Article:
This returns us to the competitive nature of this new system of patronage. As I said, one must not only pay for a letter of introduction, one must also have friends in high places. For, as it has seemingly almost always been, it is less skill and talent that makes a man than his friends. Once the proper credentials are acquired and, quite frequently while still attaining them, the artist is forced to hobnob and network, to debase herself in a manner even more deplorable than Juvenal ever dared imagine, in large measure because at least Juvenal’s client knew he was debasing himself. The modern bootlicker is not burdened with any such self-knowledge; instead he or she is simply “playing the game.”

This has become the primary method of seeking patronage but in our digital age, it is no longer the only one. Now, with the help of websites such as the aptly named Patreon or Go Fund Me, one can request money for one’s projects from perhaps millions of strangers. In some instances one need not even have a project, as “cyberbegging” has entered the lexicon as a new phenomenon. If you have trouble paying the rent or need a little extra gas money, there’s no shame in asking.

Finally, what does this say to us about the state of culture today? It has certainly become more democratic. The artist is no longer the personal adornment of a single patron’s ego, a servant to his whims and obliged to flatter his desires such as with the Medicis. But, even in the past this was rarely the case among the greatest. The patrons of a Johnson or a Beethoven at the very least only required a mention from time to time, very often as the dedicatee of a new symphony or an epic poem. More importantly, by commissioning work from an artist, a patron of high taste and education could direct the artist’s talents where they may never have been applied on the artist's own initiative. Pope Julius gave Raphael the Papal apartments to decorate, and Michelangelo the Sistine, two projects of unsurpassed genius that have come to define an entire age.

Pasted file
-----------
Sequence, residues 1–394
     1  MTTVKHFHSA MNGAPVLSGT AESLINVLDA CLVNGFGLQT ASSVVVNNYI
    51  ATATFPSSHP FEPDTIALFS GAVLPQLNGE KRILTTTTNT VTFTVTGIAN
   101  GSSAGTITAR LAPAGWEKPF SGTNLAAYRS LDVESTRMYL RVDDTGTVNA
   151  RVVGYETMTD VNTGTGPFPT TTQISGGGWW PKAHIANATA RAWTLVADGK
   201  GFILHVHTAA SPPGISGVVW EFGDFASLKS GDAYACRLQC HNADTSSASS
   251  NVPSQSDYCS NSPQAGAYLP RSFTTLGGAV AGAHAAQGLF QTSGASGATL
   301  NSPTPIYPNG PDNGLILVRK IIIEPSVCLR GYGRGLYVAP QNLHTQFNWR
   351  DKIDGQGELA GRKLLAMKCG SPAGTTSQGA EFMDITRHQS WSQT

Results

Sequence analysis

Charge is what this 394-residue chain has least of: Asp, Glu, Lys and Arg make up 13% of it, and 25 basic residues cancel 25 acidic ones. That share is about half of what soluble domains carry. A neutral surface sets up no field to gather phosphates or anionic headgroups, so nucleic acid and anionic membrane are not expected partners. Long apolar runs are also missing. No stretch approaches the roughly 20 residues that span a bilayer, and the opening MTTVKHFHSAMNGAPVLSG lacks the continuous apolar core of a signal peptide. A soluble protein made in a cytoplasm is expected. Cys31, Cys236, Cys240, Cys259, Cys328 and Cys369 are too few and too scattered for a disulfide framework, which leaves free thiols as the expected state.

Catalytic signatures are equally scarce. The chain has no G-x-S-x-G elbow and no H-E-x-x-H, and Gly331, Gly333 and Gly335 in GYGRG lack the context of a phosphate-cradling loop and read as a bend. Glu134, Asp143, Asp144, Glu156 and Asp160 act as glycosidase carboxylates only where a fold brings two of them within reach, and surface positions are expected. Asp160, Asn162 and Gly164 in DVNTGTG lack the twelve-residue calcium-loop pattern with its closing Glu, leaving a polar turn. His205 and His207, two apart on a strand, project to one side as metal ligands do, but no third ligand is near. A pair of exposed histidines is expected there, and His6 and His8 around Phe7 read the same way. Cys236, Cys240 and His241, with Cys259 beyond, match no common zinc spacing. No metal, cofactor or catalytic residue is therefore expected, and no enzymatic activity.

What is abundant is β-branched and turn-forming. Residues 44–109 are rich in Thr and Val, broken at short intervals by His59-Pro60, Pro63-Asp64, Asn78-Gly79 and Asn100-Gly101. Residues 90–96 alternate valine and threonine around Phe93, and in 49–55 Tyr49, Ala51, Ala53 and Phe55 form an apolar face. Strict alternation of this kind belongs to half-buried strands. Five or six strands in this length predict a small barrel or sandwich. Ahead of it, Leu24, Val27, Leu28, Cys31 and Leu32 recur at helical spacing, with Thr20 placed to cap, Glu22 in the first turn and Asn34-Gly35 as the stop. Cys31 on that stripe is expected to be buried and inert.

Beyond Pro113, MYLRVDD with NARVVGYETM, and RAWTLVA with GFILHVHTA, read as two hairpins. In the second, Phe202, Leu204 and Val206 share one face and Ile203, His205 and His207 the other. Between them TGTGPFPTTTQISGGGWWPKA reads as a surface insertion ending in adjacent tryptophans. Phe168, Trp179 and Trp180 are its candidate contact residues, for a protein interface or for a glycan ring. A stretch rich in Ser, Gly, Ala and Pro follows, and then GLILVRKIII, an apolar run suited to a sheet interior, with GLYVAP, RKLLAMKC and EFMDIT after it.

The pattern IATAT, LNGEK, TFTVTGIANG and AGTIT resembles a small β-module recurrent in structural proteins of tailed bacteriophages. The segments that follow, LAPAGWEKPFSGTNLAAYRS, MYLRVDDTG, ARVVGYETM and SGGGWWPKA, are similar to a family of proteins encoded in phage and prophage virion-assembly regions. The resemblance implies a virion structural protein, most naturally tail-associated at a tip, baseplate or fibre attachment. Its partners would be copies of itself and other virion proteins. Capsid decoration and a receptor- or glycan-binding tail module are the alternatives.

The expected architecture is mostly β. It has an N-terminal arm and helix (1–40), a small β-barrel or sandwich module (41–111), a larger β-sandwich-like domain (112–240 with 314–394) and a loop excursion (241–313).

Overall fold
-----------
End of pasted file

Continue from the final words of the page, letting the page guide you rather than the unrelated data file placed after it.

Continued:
On the other hand, today's artist has not one patron but perhaps thousands, and each often expects far more for their money than a humble admission of thanks. The artist is no longer the private adornment of the aristocrat, a servant whose works were meant to display the taste of the patron, if not the wealth to afford it. Now he is viewed as the personal possession of a thousand enthusiastic persons. One only need recall Beatlemania and its often silly, and sometimes obsessively dangerous (and in one case deadly) excesses, to see what I mean.

Yet above all what has been lost is that quality of educated discernment. Remember, artists were patronized precisely because they were perceived to have cachet, or social capital, which was the special province of the privileged class to recognize and reward. An artist achieved fame through a benefactor, but it was the benefactor who basked in the reflected glory of the artist’s accomplishments, a reflection too of the patron’s high taste and discrimination that perceived the potential.

What Dr. Johnson forgot when he stamped out discourteously from Lord Chesterfield’s study that day, and what we have forgotten through equal impatience and the infinite dilution of quality by quantity, is that good taste, like good manners, can never be a property of a mob. The days when the artist was forced to bow to one master are irrevocably lost. Art, or what we now call art, is now the servant to a multitude, and in such a sea how much glory has been drowned we can never know.

Wednesday, January 20, 2016

The Genre of Despair

The following was recently published at The Partially Examined Life.

"The most merciful thing in the world, I think, is the inability of the human mind to correlate all its contents. We live on a placid island of ignorance in the midst of black seas of infinity, and it was not meant that we should voyage far. The sciences, each straining in its own direction, have hitherto harmed us little; but some day the piecing together of dissociated knowledge will open up such terrifying vistas of reality, and of our frightful position therein, that we shall either go mad from the revelation or flee from the deadly light into the peace and safety of a new dark age."

The quotation above from H. P. Lovecraft is perhaps symptomatic of a larger trend in the public consciousness. We have seen the horrors of reality, the apocalypse is nigh, so let us sink into forgetting and thoughtlessness before the end. Popular entertainment has always been a way of forgetting one’s troubles, and in the literary world, popular entertainment most often comes under the heading of genre fiction.